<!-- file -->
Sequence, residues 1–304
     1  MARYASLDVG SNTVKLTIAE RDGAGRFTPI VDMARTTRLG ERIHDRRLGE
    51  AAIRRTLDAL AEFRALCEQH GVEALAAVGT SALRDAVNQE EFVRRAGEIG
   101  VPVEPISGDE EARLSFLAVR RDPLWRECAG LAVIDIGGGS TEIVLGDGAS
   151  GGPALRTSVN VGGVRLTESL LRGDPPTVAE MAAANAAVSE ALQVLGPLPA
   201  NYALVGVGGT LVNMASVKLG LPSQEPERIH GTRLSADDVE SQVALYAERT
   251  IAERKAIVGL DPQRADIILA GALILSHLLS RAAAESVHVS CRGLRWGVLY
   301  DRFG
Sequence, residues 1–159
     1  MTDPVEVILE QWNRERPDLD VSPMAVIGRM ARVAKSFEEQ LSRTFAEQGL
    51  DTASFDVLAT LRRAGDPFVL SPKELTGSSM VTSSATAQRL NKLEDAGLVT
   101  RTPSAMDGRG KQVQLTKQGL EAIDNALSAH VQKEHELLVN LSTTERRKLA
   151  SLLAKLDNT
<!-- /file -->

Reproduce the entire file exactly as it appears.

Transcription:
Sequence, residues 1–304
     1  MARYASLDVG SNTVKLTIAE RDGAGRFTPI VDMARTTRLG ERIHDRRLGE
    51  AAIRRTLDAL AEFRALCEQH GVEALAAVGT SALRDAVNQE EFVRRAGEIG
   101  VPVEPISGDE EARLSFLAVR RDPLWRECAG LAVIDIGGGS TEIVLGDGAS
   151  GGPALRTSVN VGGVRLTESL LRGDPPTVAE MAAANAAVSE ALQVLGPLPA
   201  NYALVGVGGT LVNMASVKLG LPSQEPERIH GTRLSADDVE SQVALYAERT
   251  IAERKAIVGL DPQRADIILA GALILSHLLS RAAAESVHVS CRGLRWGVLY
   301  DRFG
Sequence, residues 1–159
     1  MTDPVEVILE QWNRERPDLD VSPMAVIGRM ARVAKSFEEQ LSRTFAEQGL
    51  DTASFDVLAT LRRAGDPFVL SPKELTGSSM VTSSATAQRL NKLEDAGLVT
   101  RTPSAMDGRG KQVQLTKQGL EAIDNALSAH VQKEHELLVN LSTTERRKLA
   151  SLLAKLDNT